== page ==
Joel Reyna
Joel Reyna

How so? The headline is true. It "might" be the biggest privacy invasion ever.

James Polley
James Polley

The article continues to make its original claims, then follows each with "update: we've realised we were just making shit up here, it's not actually a problem, please ignore that last bit" But the headline still makes a false claim, and people are going to reshare it on Facebook without having read any more than the lie in the headline *sigh*

Allan Bush
Allan Bush

BFD. Obsessing over privacy is useless. Invasion is a buzz word used by security consultants and software developers to get the public scared that someone is oogling their tired butt to gain evil advantages when the military announces martial law. (Sarcasm)

Rasmus Joergensen
Rasmus Joergensen

Yes, it's a privacy invation, but...


Ever heard of facebook? It will take some time before Amazon reaches those levels of creepiness. At least Amazon is clear about wanting to sell stuff, while facebook claims that all they want to do is connect people with each other.

Nathan Harris
Nathan Harris

Privacy on the internet is a myth.  But so what?  If you think you *actually* have some level of real privacy these days, and you are 'on the grid' you're mistaken.  Even without Amazon or Google, I can learn everything about you in 30 minutes, with just a couple pieces of innocuous information about you.  Between the $30 background check I can buy, public records searches, Ancestry.com, land owner records, etc. etc. etc. you are already out there.  And all the internet did was make what was *already* public, easier to find.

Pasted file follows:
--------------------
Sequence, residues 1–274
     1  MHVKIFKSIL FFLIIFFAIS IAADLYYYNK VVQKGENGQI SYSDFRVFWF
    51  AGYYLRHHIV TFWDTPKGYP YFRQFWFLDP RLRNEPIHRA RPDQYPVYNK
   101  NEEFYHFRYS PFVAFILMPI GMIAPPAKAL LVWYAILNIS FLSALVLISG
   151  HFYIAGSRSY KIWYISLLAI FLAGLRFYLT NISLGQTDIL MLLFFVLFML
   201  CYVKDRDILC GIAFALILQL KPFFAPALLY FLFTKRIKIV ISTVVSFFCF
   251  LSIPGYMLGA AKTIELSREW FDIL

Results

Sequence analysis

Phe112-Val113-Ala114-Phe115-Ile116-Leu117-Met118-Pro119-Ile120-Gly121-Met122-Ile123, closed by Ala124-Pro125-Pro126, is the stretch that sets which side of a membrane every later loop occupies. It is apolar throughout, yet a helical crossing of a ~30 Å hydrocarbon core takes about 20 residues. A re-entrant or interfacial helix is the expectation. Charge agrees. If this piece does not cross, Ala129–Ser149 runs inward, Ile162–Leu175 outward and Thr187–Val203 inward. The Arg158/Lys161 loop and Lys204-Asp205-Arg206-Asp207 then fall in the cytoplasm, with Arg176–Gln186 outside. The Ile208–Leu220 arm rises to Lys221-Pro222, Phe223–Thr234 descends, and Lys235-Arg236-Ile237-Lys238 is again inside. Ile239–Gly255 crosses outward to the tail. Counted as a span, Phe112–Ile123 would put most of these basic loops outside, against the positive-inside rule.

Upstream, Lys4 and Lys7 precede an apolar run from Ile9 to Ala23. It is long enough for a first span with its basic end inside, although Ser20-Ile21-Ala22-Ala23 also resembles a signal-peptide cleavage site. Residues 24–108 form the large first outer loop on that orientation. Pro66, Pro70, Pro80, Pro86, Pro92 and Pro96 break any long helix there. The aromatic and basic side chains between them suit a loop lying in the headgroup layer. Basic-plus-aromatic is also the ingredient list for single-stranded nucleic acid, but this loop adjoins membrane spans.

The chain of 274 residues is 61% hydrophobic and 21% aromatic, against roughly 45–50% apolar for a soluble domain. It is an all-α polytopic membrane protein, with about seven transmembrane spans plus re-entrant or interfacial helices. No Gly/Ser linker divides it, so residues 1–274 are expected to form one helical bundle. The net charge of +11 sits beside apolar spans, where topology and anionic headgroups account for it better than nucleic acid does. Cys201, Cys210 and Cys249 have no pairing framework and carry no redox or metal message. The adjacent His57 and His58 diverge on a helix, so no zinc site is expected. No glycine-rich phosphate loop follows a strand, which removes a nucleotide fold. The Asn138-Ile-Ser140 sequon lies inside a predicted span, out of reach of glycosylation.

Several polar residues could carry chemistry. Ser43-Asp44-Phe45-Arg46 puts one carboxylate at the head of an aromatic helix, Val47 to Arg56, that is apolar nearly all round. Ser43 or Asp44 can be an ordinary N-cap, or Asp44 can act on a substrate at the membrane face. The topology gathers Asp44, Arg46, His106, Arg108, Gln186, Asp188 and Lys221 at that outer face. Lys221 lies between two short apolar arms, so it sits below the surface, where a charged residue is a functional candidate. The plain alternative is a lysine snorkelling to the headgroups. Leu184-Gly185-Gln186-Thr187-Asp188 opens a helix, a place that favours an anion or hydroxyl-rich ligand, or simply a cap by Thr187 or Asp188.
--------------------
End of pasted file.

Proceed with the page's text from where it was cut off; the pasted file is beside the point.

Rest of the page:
If you want privacy, get off the internet, sell your house, get rid of your cell phone, sell your car, live in a cabin, grow your food, ride a bike, etc.  


Don't want to do that?  Then understand this is the age where we are all accessible.  That's just the reality.

#NHL15Bergeron Bruins
#NHL15Bergeron Bruins

What an embarrassing article. Should be taken down after the updates render it even more laughable. I'm not about to buy this phone, but to just throw a hissyfit like this 'writer' did is unprofessional and attention-seeking. Terrible show of incompetence. 

ChrisP Asif
ChrisP Asif

I dunno. Seems like the corrections canceled out most of the points the article was attempting to make. BTW, don't want GPS data tacked onto your photos? Shut off that option. That's one of the first things I did when I got my (Android) phone. I assume iPhone, Windows and Fire Phone (Fire Phone? Really? Is someone at amazon a pyromaniac???) also have that option. Find it, shut it off. If you want someone to know where a picture was taken, tell them in a text, email or with that hole in your face that makes all the talky noises.